What is Marxism All About?

What is Marxism All About? – Class Society

 

[The following is the first chapter of the FIST-authored book What is Marxism All About? – A Street Guide for Revolutionaries, an introduction to Marxist ideas in non-technical language. Read and download the whole book here or go to the “Books and Pamphlets by FIST” tab at the top of the site]

Class Society

“The workers have nothing to lose but their chains.”

“The history of all hitherto existing society is the history of class struggles.”

“Workers [and oppressed] of the world unite!”

These are just a few of the slogans still in use today that Karl Marx and Frederick Engels first popularized in 1848 when they wrote The Communist Manifesto. These popular slogans, and the class society they describe, are just as relevant today as when they were first written more than 150 years ago.

The Communist Manifesto describes the process by which society developed over time so that today it is divided into roughly two great classes. Marxists often refer to the ruling class as the bourgeoisie and the working class as the proletariat.

Each class is defined by its relationship to the major means of production. The ruling class makes up a tiny minority of society. This class owns all the pr more. Most politicians in capitalist democracy are either direct members of the ruling class or its hired agents. Managers, police officers, judges and corporate newspaper editors are also ruling-class agents. The ruling class makes its profits by exploiting the labor of the working class. These capitalists see money as a means to make more money and increase their power. The money reinvested to make more money is called capital.

The ruling class is a small bunch. Many of their names are easily recognized. Warren Buffet, Michael Bloomberg, the Koch Brothers, Bill Gates and the Walton family (owners of Wal-Mart) are just a few of the biggest names in modern capitalism. These five names alone had a net worth that exceeded $331 billion in 2013.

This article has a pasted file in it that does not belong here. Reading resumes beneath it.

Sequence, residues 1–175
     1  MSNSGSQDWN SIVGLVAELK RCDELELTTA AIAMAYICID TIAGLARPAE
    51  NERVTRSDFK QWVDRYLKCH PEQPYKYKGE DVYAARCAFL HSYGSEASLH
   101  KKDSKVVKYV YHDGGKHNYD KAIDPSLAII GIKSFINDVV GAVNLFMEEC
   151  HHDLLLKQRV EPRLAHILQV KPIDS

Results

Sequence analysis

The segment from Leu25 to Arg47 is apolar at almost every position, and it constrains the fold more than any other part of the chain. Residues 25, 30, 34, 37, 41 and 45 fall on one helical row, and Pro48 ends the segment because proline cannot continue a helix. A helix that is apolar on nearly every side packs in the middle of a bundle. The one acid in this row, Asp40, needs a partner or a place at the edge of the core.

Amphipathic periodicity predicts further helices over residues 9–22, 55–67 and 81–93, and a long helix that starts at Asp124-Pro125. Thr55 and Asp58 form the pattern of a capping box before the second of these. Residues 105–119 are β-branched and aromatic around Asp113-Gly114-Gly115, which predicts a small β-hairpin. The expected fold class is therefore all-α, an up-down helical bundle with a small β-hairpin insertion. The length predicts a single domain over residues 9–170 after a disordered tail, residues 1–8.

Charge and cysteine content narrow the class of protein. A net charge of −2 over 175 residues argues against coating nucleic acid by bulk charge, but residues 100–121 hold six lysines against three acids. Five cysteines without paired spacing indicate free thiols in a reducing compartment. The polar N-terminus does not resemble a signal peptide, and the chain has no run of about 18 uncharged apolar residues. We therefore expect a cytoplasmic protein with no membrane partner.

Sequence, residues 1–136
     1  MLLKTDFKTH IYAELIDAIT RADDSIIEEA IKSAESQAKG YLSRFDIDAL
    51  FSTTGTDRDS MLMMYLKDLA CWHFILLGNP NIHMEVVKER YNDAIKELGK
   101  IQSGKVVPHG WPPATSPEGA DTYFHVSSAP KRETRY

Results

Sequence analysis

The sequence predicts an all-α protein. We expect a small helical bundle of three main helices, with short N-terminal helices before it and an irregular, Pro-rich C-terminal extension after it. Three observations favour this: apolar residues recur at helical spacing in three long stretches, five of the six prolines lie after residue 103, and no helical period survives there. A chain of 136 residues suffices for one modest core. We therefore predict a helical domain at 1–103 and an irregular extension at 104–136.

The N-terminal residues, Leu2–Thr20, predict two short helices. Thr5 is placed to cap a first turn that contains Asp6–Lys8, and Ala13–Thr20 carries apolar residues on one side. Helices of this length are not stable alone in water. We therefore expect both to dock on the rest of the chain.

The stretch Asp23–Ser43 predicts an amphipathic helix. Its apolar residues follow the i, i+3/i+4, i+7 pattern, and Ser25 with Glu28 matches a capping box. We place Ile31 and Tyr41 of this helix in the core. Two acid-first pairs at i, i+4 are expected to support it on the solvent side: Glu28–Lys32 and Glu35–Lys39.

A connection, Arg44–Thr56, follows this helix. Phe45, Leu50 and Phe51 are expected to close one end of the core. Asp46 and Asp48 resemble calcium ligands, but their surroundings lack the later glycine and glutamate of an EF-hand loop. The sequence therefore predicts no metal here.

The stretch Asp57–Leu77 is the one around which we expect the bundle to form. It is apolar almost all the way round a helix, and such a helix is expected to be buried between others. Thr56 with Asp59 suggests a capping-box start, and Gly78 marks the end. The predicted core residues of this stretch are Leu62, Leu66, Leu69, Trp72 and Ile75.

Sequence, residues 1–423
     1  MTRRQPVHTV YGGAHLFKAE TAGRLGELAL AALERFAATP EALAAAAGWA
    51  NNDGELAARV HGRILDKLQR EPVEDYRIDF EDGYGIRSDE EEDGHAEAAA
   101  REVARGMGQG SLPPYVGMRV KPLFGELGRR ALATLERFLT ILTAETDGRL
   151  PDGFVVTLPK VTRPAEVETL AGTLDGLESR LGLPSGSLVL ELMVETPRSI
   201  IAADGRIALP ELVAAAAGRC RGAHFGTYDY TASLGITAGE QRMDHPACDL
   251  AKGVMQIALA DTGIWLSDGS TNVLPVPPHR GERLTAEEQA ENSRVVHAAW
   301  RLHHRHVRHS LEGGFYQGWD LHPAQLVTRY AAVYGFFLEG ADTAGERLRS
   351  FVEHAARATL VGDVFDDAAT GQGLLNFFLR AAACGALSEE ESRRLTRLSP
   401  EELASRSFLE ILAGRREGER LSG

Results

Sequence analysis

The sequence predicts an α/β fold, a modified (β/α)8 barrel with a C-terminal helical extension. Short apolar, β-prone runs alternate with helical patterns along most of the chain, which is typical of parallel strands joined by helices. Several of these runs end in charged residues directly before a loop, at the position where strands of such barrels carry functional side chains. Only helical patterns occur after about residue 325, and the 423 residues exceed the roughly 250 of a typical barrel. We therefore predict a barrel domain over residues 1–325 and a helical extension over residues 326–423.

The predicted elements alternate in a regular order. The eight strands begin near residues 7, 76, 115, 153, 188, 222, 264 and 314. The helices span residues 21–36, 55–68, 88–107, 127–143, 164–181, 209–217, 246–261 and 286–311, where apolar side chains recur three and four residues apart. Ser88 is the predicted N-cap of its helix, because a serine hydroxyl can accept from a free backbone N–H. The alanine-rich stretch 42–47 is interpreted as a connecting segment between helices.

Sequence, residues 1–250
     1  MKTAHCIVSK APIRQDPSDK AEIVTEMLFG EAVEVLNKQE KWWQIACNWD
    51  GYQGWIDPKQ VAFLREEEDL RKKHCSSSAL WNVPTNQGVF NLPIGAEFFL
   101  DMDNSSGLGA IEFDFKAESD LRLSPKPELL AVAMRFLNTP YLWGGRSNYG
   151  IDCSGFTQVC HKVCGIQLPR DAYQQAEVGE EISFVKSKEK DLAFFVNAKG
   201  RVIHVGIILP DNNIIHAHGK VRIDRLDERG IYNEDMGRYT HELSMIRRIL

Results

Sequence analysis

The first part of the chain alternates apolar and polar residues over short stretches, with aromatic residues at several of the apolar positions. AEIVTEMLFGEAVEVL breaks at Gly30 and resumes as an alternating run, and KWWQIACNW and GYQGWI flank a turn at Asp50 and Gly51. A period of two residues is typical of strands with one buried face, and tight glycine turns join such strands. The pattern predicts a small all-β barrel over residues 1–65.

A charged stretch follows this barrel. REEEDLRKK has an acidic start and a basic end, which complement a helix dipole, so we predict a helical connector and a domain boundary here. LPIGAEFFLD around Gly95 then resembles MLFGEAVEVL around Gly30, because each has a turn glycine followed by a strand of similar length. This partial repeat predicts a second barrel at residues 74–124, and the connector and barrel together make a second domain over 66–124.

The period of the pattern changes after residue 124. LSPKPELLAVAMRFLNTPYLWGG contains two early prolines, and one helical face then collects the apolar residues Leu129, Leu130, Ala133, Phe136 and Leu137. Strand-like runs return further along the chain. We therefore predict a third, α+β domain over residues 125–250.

The working class includes all the people who create all the goods and services in capitalist society. These workers are only able to survive by working for someone else – a capitalist. A person is still a member of the working class even if their income is supplemented by investments in their 401K or stock options that the company provides its employees in lieu of direct payment.

The unemployed are also workers. Unemployment is a constant and necessary feature of capitalism. The ruling class purposefully forces a significant number of workers into unemployment as a reserve army to compete with employed workers and force down wages. The reserve army also provides the capitalist with the flexibility to rapidly hire these unemployed workers at low wages during periods of economic expansion. Stay-at-home parents are also members of the working class. Their unpaid labor is necessary to raise the next generation of workers for exploitation by the bosses. Children are workers’ dependents who are being brought up and trained to be future workers. The children of workers are members of the working class.

The working class is an international class that is artificially divided into separate countries because of the history of captalist rule. The U.S. working class is multinational. A large portion of the workers here belong to oppressed Black, Latino/a, Asian, Native and Arab nationalities. Some are immigrants and may be documented or not. Workers from the oppressed nationalities, including documented and undocumented immigrants, form a super-exploited segment of the working class. One thing all workers have in common is that their labor produces all the wealth in society.